“I walked right next to people who I talk to on a weekly basis and sit down in my office with, and they didn’t even flinch,” White told the Los Angeles Times last year. “If they ever had any thought that it might have been me, it was the earring that deterred them from that conclusion – this one little purple earring in my left ear.”

man standing in front of pennant

UCR Chancellor Timothy White dressed as Pete Weston.

Browne agreed, saying it was the earring that threw him off.

“People always ask me how I didn’t know it was Chancellor White,” Browne said. “I say ‘Look, he had an earring. Tim White would not have a pierced ear.”

For Giorgio, the true test of the disguise came when Pam Clute, the executive director of the ALPHA Center and a lecturer in education and mathematics who reports directly to White, walked past the crew as they filmed near the Student Recreation Center.

“I was having a heart attack because I thought if anybody would recognize him, it would be her. But she walked right by and didn’t bat an eye,” Giorgio said. “After the show aired, she said to me ‘Cindy, you can’t tell me that people who knew Tim walked right past him and didn’t know who he was’ and I replied ‘Pam, you walked by him and didn’t know who he was.’”

The Missing Mustache

Giorgio herself spent the week in disguise, straightening her hair and donning jeans, a sweatshirt and a baseball cap to hide her identity as she helped the production crews with filming. As one of the few people on campus who knew all the details of what was going on, she carried a campus master key that allowed access to any building at any time. And since the campus’ business didn’t stop while White was in disguise, she was also responsible for getting important documents to him for his signature.

Giorgio was also responsible for picking White up each morning, along with a member of the production crew. But one day, early in the week, they were met with a crisis:

“We arrived at his hotel around six in the morning and he was frantically looking around the room, because he couldn’t find his mustache,” she said. “It was the only one we had, and without it there would be no disguise and we would lose a day of filming.”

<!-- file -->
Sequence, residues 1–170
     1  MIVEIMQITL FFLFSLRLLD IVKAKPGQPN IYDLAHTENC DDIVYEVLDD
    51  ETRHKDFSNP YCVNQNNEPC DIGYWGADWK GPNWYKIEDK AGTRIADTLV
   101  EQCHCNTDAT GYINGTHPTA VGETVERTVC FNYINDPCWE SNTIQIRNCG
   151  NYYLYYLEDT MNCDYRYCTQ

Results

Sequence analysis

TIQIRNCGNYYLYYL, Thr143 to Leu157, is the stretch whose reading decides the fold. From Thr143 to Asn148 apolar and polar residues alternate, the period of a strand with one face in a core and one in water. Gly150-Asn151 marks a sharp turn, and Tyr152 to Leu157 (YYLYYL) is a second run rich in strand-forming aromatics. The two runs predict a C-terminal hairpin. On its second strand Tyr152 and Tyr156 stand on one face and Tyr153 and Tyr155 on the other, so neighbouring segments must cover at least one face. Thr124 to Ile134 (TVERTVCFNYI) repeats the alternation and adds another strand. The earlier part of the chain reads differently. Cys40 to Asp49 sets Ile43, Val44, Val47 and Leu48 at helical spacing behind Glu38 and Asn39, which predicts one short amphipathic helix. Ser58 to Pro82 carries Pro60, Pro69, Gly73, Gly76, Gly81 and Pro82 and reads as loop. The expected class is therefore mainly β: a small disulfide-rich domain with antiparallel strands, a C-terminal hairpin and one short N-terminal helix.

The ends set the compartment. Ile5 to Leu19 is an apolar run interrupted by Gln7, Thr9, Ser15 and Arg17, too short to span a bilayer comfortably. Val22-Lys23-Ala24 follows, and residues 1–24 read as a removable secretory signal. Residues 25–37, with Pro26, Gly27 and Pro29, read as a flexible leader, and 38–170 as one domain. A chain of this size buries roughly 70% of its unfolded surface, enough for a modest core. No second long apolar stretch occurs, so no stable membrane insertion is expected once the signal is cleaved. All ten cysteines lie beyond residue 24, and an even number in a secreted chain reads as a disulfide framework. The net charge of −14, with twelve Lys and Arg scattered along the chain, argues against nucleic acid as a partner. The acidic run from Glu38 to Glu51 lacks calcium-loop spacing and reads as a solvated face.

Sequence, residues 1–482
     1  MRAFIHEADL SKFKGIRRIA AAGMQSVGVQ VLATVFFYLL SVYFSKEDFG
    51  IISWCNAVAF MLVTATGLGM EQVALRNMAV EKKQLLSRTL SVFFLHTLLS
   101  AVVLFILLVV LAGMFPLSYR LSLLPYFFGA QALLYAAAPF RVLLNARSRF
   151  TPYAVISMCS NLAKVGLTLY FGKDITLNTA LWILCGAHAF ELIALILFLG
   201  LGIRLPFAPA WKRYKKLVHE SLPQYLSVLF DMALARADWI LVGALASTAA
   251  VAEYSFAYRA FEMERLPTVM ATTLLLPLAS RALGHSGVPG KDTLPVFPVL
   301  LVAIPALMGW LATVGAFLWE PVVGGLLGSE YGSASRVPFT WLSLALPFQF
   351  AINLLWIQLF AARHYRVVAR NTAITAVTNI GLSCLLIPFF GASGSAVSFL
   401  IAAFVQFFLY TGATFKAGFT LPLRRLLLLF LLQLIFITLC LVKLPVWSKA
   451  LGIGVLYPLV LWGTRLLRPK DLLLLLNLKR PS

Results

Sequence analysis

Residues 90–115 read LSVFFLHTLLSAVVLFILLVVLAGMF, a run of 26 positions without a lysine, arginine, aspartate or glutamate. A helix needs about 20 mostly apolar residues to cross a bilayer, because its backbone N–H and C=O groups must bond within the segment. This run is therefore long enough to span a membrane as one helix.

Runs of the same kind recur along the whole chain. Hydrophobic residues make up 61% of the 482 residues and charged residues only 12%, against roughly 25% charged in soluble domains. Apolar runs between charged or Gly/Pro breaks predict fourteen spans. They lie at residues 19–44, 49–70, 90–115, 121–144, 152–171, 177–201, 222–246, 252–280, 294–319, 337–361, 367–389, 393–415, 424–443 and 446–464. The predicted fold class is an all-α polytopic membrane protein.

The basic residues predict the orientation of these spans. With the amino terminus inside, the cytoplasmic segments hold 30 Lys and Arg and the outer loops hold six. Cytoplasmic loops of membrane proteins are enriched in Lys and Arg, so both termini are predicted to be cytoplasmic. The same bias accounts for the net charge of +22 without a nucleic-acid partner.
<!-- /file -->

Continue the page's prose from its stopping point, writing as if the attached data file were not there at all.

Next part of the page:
The trio methodically searched the room, trying to find the false facial hair. Finally, it turned up in the bathroom, stuck to the inside of a hand towel.

“It looked like a tarantula, just sitting there,” Giorgio recalled. “It saved the day, because where are you going to find a false mustache at six in the morning?”

An “Alarming” Incident

The final day of shooting was Sunday, and just before White was to arrive to shoot his “reveal” with Sneed at the Orbach Science Library, the building’s alarm was triggered. With sirens blaring and just a handful of minutes before filming had to start, the Undercover Boss crew frantically looked to UCR Media Relations Director Kris Lovekin to silence the racket.

“I called Physical Plant, I called the UC Police. But the alarm code had been set by the library staff and there was nothing either of them could do,” Lovekin recalled.

The regular library staff had not yet arrived for the day, so with the clock ticking and the crew getting increasingly agitated, Lovekin spied a list of home and cell phone numbers for the library staff. She began calling each name on the list, leaving messages and asking if they could supply her with the alarm code.”

“It was 11 a.m. on Sunday, not the time you expect to receive a call from work,” she said. “Finally, I got a call back from one employee, who had gotten the OK from her boss to give us the code.”

With seconds to spare, the alarm was turned off. Crisis averted, the taping went on as scheduled.

Where are They Now?

Nastazha Sneed

Nastazha Sneed

UCR undergraduate Nastazha Sneed in this screenshot from Undercover Boss.

Sneed left her position in the Orbach Science Library in September and is now working as a math tutor in the Academic Resource Center. She is also working with the College University Student Partnership (CUSP) through the ALPHA Center, visiting, observing, assisting and even instructing in middle school classrooms.

As part of the show, through generous donations, Sneed received funds that allowed her to pay off existing debt as well as scholarship money for her final two years. She said the money has been helpful. “I am less stressed about money for school, but I still have bills to pay. Unfortunately, some come unexpectedly.”

Looking back, Sneed said she enjoyed the experience. “It was different – way outside of my comfort zone. But I am glad that I was not only able to meet with, but really talk to Chancellor White.”

Sneed is on track to graduate in June, 2013 with a degree in math for secondary school teaching and is considering her post-graduate options, including getting a teaching credential or a master’s in educational psychology.

Assistant Coach Nathan Browne

Assistant Track and Field Coach Nathan Browne in a screenshot from the show.

During the episode, White announced that the UCR Track would undergo a $2 million renovation and that the track would host the first UCR home meet in seven years. On March 10, 2012, that became a reality as UCR hosted UC Santa Barbara in a dual meet.

Browne said he has been recognized quite a few times since the show aired. “Everyone says something great about UCR, our campus, Chancellor White, and how the stories touched them. Then they ask for an update on the track,” he said. “It gives me the chance to brag and tell them how thankful we are to have a world class facility to practice and compete on.”

Browne said his participation on the show has made him work harder to be a positive influence on the people around him. “It’s made me feel more responsible,” he said. “Television has a way of making people look better than they really are. My goal, every day, is to have a positive impact on those around me. I want the man that people saw in the show to be the man I really am.”